It’s a classic trick to make a lighter flame float, but how does it actually work? As it turns out, the secret can be found on your desk: a ballpoint pen. Though the key to the trick may be simple, there’s some really cool science making it happen. Follow along with us and we’ll show you how and why this works. Be careful though, you will be handling fire.
The first thing you need to do for this is take apart your pen, leaving nothing but the tube of ink behind. When doing this, it’s a good idea to have a paper towel down to catch any ink that leaks out of the tube.
Then, collect some ink with an unfolded paper clip and cover the nozzle inside the lighter where the fuel comes out. This ensures the fuel and ink will mix, a vital part of the experiment. This was the most direct means of mixing the ink and fuel for our disposable lighter, but other lighters have more direct means of accessing the fuel reservoir and those should be taken first.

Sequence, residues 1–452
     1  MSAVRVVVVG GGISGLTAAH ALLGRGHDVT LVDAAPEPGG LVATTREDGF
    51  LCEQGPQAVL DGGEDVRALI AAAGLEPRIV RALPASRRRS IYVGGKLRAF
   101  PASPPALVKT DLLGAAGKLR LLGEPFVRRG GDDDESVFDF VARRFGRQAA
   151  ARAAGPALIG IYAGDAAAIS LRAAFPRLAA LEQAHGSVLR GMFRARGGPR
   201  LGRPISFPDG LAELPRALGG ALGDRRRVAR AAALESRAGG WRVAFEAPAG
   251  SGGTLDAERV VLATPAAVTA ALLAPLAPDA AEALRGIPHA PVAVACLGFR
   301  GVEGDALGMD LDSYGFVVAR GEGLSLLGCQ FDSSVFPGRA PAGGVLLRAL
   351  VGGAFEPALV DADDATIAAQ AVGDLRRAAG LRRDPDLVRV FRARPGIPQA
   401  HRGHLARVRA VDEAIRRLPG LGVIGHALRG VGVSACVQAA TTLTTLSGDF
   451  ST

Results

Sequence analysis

Once you’ve mixed the ink and the fuel, your flame should appear to float over the lighter. Depending on how well the ink and fuel mix, this effect could be brief, so watch carefully. We know how we get it to float now, but why does adding ink to the lighter fuel make it float?
Normally, butane lighter fuel releases blue light when burned, but the addition of the ink pushes that energy release into the ultraviolet part of the spectrum. Since our eyes can’t see UV light, the portion of the flame from the burning ink appears invisible, producing the illusion that the rest of the flame is floating.
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